The owner and family scion of Irving Oil has stepped down from his leadership role with the company, in the midst of a wide-ranging internal strategic review that could result in the storied fuel supplier putting itself up for sale.
Arthur Irving, who was the chairman of the Saint John-based company’s board of directors, has now assumed the role of chairman emeritus, company spokesperson Katherine d’Entremont confirmed in an e-mail on Tuesday. Mr. Irving, 93, is the sole owner of Irving Oil, which in turn owns Canada’s largest oil refinery, also in Saint John.
His daughter Sarah Irving has also resigned from the company, Ms. d’Entremont said. Ms. Irving was executive vice-president and chief brand officer.
“After careful consideration, Sarah Irving has had to make the difficult decision to depart from her leadership roles within the company,” Ms. d’Entremont said.
“Arthur and his daughter Sarah have both dedicated their lives to the business and remain passionate about the company and its people,” she added. “All of us at Irving Oil are grateful for their leadership and will work hard to continue to uphold and exemplify the values upon which this company was built.”
Despite its dominance in Canada’s eastern fuel market, the company launched a sweeping strategic review of its operations in June. Mr. Irving, his daughter and Irving Oil president Ian Whitcomb said in a statement at the time that a sale of the company was among the possible outcomes of the process.
“No decisions have been made about where this strategic review may lead,” the statement said. “Consideration will be given to a new ownership structure, a full or partial sale, or a change in the portfolio of our assets and how we operate them.”
It is difficult to know exactly how much the company and its assets are worth. Irving Oil is privately held, and offers few financial details.
When the company announced its strategic review in June, Travis Wood, an energy analyst at National Bank Financial, said the Saint John refinery could be worth around $2-billion to $3-billion. The company’s Whitegate refinery, located in Ireland, could be worth $200-million to $500-million, he said.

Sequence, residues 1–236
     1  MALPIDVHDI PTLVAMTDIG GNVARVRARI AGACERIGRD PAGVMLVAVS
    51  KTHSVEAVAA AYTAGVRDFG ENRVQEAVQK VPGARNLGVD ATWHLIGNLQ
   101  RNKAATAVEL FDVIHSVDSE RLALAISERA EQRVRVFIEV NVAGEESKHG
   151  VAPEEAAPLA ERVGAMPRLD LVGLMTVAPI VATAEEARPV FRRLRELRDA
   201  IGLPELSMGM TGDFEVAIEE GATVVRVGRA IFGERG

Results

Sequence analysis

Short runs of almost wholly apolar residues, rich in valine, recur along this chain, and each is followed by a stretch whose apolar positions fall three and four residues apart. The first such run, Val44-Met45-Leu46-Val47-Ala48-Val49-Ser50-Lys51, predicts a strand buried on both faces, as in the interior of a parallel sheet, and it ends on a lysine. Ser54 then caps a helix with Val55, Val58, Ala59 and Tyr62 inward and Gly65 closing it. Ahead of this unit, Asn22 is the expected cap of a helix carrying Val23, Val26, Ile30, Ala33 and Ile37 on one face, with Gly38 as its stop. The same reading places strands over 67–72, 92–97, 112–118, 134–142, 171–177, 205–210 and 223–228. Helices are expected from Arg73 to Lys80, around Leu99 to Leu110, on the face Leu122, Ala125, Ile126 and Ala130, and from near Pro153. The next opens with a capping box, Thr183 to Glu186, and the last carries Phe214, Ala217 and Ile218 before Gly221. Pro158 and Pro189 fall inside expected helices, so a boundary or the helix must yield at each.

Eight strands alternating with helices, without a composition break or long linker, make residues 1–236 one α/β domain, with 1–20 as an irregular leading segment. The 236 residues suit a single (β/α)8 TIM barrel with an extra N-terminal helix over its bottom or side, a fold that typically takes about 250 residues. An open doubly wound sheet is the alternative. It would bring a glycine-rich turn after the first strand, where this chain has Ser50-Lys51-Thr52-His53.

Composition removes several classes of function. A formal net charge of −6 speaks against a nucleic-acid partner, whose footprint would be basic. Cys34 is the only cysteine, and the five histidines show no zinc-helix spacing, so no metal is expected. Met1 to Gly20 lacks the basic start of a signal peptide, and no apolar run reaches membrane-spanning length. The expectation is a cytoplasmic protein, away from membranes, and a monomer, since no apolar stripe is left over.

Irving Oil is 99 years old and omnipresent in Atlantic Canada. A multibillion-dollar sale or restructuring would vastly alter the business landscape in the region.
The company is one of New Brunswick’s largest employers. Its Saint John refinery has a capacity of 320,000 barrels a day, and the Whitegate refinery has a capacity of 75,000.
Irving has a chain of more than 1,000 gas stations in Eastern Canada, New England and Ireland, as well as wholesale and fuel-trading businesses. It also operates the Canaport deep-water oil terminal on the north shore of the Bay of Fundy.
Although oil is Irving’s focus, it is also making steps in renewable energy.
Last year, for example, it announced joint plans with Irish offshore wind-power developer Simply Blue Group to explore integrating a renewable energy hub into the Whitegate refinery. The two companies are examining the possibility of using wind power to produce hydrogen fuel.
Mr. Irving’s net worth is estimated at US$5.8-billion. He is No. 459 on Forbes’s list of billionaires. His wealth recently rebounded after plummeting to US$1.9-billion in 2021, according to Forbes.
Mr. Irving lives in Saint John and is a member of the third generation of the Irving family dynasty. His grandfather, James Dergavel Irving, started the business in the late 1800s. Mr. Irving’s father, Kenneth Colin Irving, or K.C., opened his first garage and service station in his hometown of Bouctouche, N.B., in 1924. He later moved to Saint John to operate the city’s Ford car dealership. Mr. Irving joined the company in 1951.
Mr. Irving and his two brothers divvied up the company after K.C. Irving’s death in 1992. James Irving owns the shipbuilding and forestry parts of the empire, while Mr. Irving split the oil operations with his brother John Irving, who died in 2010. Mr. Irving bought John’s share in 2018.
With a report from Emma Graney